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What Happened to the Power Tool Drag Races?

Updated: Jun 18


2019 participants, photo by Amy Horn

At the 19th annual Georgetown Carnival on June 8, many attendees stopped by the Gazette booth to ask, “Where are the Power Tool Drag Races?” The raucous public contest that sends power-tool-driven mini race vehicles down a track (trailed by their own power cords) was missing! We didn’t have a good answer, so we went looking for one. The short answer appears to be bad faith and poor communication between the carnival organizers and the race organizers, which resulted in a less gritty and more wholesome than usual carnival this year.

The Georgetown Business Association (GBA, formerly Georgetown Merchants Association) organizes the Carnival top to bottom, wrangling funding, permits, volunteers, vendors, and entertainment for the one-day event. Hazard Factory, a welding and industrial arts school in South Park, has traditionally run the Power Tool Drag Races as part of the carnival. The public is invited to enter anything built from a handheld power tool on a chassis with wheels that can run down a plywood track on 110v power. Trackside volunteers operate safety switches and ensure the track is clear for each race. The audience watches from behind fencing, and winners in each heat progress until final trophies are awarded. It’s rowdy, it’s loud, and the rewards inherent in building one of these machines are almost as great as the glory of winning, according to past participants.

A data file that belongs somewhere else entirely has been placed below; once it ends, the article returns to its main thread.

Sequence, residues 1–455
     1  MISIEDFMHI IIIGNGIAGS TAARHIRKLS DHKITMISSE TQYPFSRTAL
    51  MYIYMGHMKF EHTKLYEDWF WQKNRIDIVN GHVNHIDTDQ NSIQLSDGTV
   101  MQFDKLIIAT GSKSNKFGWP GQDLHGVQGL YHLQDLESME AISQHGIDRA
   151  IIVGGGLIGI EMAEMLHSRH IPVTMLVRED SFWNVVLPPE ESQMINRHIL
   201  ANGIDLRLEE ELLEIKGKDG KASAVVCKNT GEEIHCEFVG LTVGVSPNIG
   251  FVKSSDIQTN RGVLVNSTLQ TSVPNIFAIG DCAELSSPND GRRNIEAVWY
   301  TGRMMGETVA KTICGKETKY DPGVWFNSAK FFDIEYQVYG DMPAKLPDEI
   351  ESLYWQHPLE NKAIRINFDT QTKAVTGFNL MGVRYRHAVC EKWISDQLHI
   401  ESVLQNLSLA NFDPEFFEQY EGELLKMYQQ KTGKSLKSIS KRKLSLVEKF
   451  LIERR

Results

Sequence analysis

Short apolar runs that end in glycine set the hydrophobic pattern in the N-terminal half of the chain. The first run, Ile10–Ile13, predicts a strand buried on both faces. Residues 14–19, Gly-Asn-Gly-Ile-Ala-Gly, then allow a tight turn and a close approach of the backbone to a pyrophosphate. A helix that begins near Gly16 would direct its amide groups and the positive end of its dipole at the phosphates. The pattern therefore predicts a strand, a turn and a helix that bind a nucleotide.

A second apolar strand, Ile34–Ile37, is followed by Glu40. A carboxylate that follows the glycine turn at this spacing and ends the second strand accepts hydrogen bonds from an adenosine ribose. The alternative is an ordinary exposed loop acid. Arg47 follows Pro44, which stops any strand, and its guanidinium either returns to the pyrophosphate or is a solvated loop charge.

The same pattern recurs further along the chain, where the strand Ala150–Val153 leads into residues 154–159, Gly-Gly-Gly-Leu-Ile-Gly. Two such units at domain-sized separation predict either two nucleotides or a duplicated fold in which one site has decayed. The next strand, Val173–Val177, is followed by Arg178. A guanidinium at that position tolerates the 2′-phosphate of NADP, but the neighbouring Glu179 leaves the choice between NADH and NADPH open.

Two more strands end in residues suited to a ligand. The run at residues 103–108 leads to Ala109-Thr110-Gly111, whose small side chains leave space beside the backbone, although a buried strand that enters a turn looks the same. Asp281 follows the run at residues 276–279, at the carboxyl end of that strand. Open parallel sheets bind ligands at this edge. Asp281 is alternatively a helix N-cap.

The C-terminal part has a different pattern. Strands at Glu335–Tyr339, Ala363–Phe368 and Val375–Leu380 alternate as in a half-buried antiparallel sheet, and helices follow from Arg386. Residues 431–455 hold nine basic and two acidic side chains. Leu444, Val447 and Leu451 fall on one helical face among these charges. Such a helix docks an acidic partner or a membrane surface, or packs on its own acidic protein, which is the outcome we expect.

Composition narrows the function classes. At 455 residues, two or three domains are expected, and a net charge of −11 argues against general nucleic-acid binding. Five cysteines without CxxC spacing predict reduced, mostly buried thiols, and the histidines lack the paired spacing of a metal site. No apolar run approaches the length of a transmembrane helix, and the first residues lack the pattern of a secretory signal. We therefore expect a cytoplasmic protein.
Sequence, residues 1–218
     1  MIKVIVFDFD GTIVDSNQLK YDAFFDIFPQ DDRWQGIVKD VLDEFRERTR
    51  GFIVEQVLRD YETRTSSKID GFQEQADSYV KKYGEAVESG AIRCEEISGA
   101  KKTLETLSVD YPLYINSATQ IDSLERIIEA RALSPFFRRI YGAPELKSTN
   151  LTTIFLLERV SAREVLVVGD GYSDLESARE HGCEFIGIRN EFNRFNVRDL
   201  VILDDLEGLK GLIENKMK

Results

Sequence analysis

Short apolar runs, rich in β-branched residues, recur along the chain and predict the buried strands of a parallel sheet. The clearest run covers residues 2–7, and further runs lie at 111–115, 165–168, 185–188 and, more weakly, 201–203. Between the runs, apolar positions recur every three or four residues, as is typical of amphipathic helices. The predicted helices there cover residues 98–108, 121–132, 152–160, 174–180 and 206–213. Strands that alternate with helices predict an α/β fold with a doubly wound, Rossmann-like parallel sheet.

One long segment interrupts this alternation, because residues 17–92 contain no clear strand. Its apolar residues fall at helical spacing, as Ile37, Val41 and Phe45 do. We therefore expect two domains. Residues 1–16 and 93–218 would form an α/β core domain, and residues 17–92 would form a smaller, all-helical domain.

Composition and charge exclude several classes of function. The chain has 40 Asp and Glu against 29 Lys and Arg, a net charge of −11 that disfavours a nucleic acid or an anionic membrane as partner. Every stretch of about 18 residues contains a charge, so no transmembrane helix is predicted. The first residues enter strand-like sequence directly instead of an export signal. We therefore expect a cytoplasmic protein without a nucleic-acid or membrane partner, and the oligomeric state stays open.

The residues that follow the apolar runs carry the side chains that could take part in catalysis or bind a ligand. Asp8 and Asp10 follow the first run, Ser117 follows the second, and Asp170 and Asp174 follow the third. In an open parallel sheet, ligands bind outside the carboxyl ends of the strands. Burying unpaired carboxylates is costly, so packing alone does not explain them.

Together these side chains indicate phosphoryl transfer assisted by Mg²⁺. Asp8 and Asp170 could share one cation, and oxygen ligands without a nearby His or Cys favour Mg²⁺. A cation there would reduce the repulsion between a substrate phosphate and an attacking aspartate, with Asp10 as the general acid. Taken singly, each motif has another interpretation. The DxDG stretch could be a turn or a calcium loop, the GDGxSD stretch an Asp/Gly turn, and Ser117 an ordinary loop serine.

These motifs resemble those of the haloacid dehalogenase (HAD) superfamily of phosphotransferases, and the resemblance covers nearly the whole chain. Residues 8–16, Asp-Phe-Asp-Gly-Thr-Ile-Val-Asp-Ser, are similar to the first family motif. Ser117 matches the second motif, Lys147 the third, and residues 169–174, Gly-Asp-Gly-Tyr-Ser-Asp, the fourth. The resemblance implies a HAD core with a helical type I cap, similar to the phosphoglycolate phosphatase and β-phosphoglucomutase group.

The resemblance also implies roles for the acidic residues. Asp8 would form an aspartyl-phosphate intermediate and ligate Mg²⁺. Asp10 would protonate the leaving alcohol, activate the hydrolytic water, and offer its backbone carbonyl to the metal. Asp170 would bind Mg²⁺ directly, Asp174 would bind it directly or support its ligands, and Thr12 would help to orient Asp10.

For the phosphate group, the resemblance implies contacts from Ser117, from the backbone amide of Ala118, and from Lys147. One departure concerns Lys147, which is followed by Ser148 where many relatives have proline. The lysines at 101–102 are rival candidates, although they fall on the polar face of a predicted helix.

The races have been a big participant and spectator draw for the carnival since 2007. So why were there no races at the most recent carnival? The GBA declined to discuss the issue with the Gazette, but the Gazette did did talk with Rusty Oliver, owner and "chief lunatic" at Hazard Factory. Oliver says for the first time this year, the GBA asked if he would be willing to sign a Memorandum of Understanding (legal agreement) on behalf of the races. Although he never saw a proposed agreement, he suspected it would restrict some elements of the performance art, including whether volunteers were allowed to drink onsite. “We could never get a specific document from them,” he said, “but we were willing to have a conversation about it. We asked a lot of questions. The event producer did not want to have a constructive conversation.” Citing lack of collaboration and clear communication, Oliver got frustrated and pulled the races from the carnival in March. “I hoped someone from GBA would reach out and try to patch things up,” he said. “It was disappointing that no one did.”

Now the Power Tool Drag Races are looking for an indoor venue; preferably a space they could use for an extended engagement. The track requires 80 feet of linear space and good sightlines. If you have a lead on a building that could host the races, reach out to Hazard Factory.

 

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